Ready to leave other cars in a thick cloud of white smoke? We love the 2017 Dodge Challenger's authentic muscle-car persona, whether you choose the capable V6 or one of the increasingly awesome V8s. We also appreciate the Challenger's available creature comforts and its surprising practicality.
The new T/A trim takes the 2017 Challenger's existing Shaker trim and infuses it with design and performance upgrades from the range-topping Hellcat. An updated version of the Uconnect interface gains new Apple CarPlay and Android Auto functionality. All V8 Challengers now come with an active exhaust system.
At its core, the 2017 Dodge Challenger is a muscle car, so we'd have to start with one of the several robust V8s. The Challenger is available with many performance and luxury features that make it difficult to select just one variation. Given our fondness for the outrageously powerful (but expensive) SRT Hellcat, we'd try to select a similar version that's a little more budget-friendly. For that reason, we'd get the T/A Plus, which includes a 5.7-liter V8, Hellcat exterior styling and lots of interior upgrades.
The 2017 Dodge Challenger is a five-seat, two-door coupe that harkens back to the good old days of the muscle-car era. A wide range of engines are available, but larger still is the number of trims and configurations for the Challenger. The main trim levels are SXT, R/T, R/T Scat Pack, SRT 392 and SRT Hellcat. Most trims have several subtrims that represent different luxury and performance upgrades. We'll do our best to break it down.
First up is the SXT, powered by a 3.6-liter V6 engine (305 horsepower, 268 pound-feet of torque). Although the V6 Challenger isn't the fastest kid on the block, at least you'll be rolling with plenty of standard features. The SXT comes with 18-inch wheels, heated mirrors, keyless ignition and entry, an auto-dimming rearview mirror, dual-zone automatic climate control and a power driver seat. Tech features include Bluetooth, a 5-inch touchscreen and a six-speaker sound system with a USB port.
Stepping up to the R/T adds a 5.7-liter V8 (372 hp, 400 lb-ft with the automatic and 375 hp, 410 lb-ft with the manual). Also included are 20-inch wheels, upgraded brakes, foglights and an active sport exhaust.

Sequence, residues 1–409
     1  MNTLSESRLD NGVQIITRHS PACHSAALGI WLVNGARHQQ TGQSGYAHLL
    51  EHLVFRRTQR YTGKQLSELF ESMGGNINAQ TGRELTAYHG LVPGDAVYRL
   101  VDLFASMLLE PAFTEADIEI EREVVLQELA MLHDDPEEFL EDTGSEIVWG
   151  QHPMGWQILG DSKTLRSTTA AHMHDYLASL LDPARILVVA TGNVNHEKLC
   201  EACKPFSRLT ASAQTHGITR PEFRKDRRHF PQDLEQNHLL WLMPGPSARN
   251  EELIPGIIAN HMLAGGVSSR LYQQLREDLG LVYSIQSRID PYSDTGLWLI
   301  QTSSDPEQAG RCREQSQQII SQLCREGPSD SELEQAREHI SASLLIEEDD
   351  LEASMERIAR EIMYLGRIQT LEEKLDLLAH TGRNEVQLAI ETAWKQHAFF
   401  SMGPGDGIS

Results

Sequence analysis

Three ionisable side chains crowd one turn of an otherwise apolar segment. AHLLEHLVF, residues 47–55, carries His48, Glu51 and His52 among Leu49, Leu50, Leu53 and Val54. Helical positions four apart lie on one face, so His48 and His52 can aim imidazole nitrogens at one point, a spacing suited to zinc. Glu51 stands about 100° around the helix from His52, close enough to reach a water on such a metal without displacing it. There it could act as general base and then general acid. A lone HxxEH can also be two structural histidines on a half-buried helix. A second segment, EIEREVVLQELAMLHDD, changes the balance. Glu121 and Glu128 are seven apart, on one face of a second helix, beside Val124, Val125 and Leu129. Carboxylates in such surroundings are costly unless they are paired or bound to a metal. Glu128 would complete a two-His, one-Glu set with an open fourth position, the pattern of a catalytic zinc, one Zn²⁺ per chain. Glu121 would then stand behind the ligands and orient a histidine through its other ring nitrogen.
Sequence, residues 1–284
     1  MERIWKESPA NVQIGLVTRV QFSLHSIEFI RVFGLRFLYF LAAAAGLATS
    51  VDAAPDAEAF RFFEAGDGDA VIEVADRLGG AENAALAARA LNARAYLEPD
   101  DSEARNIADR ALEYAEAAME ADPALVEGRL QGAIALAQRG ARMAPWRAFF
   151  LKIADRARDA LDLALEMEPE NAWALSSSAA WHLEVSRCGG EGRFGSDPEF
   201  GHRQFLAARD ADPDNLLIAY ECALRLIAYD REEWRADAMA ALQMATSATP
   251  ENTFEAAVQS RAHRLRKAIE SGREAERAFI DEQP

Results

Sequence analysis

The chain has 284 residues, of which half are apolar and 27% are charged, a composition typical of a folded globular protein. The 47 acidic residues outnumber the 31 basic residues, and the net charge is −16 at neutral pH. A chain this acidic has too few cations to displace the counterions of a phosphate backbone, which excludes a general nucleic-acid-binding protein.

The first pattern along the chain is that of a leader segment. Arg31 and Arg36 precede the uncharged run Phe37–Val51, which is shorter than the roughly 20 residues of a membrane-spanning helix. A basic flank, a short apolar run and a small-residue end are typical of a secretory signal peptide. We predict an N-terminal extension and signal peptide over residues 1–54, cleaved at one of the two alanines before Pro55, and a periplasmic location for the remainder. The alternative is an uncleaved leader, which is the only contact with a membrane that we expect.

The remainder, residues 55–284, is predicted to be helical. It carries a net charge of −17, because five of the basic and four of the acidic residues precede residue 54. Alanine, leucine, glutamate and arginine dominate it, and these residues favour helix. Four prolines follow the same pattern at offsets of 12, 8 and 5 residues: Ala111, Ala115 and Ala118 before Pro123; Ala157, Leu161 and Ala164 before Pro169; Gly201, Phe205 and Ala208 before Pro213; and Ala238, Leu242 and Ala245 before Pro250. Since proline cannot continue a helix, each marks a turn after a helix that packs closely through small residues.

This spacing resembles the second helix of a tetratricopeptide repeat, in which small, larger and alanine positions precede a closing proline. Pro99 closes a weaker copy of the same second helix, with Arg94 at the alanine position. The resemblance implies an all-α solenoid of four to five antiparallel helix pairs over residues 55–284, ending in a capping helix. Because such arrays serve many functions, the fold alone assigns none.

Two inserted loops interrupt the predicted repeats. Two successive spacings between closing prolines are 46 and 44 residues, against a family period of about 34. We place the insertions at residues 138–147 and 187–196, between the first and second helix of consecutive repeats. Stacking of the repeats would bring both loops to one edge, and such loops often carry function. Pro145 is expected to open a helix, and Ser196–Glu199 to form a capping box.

The R/T Scat Pack is the next rung up the ladder. It's powered by an even larger V8, this one displacing 6.4 liters (485 hp, 475 lb-ft). In addition to the stronger engine, there's Brembo performance brakes (four-piston front and rear), a sport-tuned suspension, a black decklid spoiler, sport seats, a rearview camera, rear parking sensors and an Alpine audio system. Front and center in the cabin is an 8.4-inch touchscreen with the newest version of Uconnect, HD and satellite radio, two USB ports, and Apple CarPlay and Android Auto functionality.
The SRT 392 model builds upon the Scat Pack's offerings, adding xenon headlights, a special air intake, power-folding mirrors, beefier front Brembo brakes (six-piston front), adaptive suspension dampers, a power-adjustable and heated sport steering wheel, heated and ventilated front seats, leather upholstery, configurable driving modes, an 18-speaker audio system, navigation, and blind-spot monitoring with rear cross-traffic alert.
The SRT Hellcat is all about raw speed, evidenced by its whomping supercharged 6.2-liter V8 (707 hp, 650 lb-ft). It's also equipped with unique exterior styling, a sportier suspension, quad exhaust tips, automatic high beams and automatic wipers.
Not too crazy, right? Most of the above trims pair a new set of features with an increasingly more powerful engine. The fun part is that many of the features and performance upgrades from the upper trims are available on the lower trims as part of subtrims and packages themselves. Buckle up.
The R/T Shaker and 392 Hemi Scat Pack Shaker (a variant of the R/T and Scat Pack, respectively) add a Shaker hood with a large cold air-induction scoop extending through the hood as well as the Super Track Pak performance items (see below), black exterior trim elements and a sport steering wheel. Exclusive to the R/T version of this trim are the rearview camera, rear parking sensors, sport seats and satellite radio. The Scat Pack version gets the power-adjustable and heated steering wheel.
New for 2017 are the T/A and T/A 392 subtrims, which modify the R/T and Scat Pack, respectively. They include many upgrades from the Shaker variants, along with styling elements from the Hellcat, including the unique air intake that masquerades as a headlight.
Still with us? Going with the Plus versions of the SXT, R/T, R/T Shaker and T/A gets you a bunch of features. It ensures that all trims get 20-inch wheels, foglights, a rearview camera, rear parking sensors, the power-adjustable and heated steering wheel, heated and ventilated sport seats, leather upholstery, the 8.4-inch touchscreen and its entertainment features and the Alpine sound system. The SXT also gets the brakes from the R/T. The R/T Plus Shaker includes imitation-suede seat inserts.
As we said, there are many features packages that add features to specific trims. We won't list them all, but here are a few notables:
For those who like to turn the volume up to 11, the Sound Group I (SXT, R/T, R/T Shaker, T/A) adds the Alpine stereo system, while Sound Group II (all Plus models, both Scat Pack models, T/A 392) adds a nine-speaker system. The same models are eligible for the 18-speaker audio system with the Premium Audio package.
Looking for more luxury and safety features? Try the Cold Weather package (SXT, SXT Plus, R/T), which adds heated front seats and a heated steering wheel. The Driver Convenience package (all models except the SRT 392 and Hellcat) includes the xenon headlights, power-folding mirrors, rear parking sensors, blind-spot monitoring with rear cross-traffic alert, and remote engine start. The Technology package (all models except the Hellcat) adds adaptive cruise control, automatic high beams, automatic wipers and forward collision warning.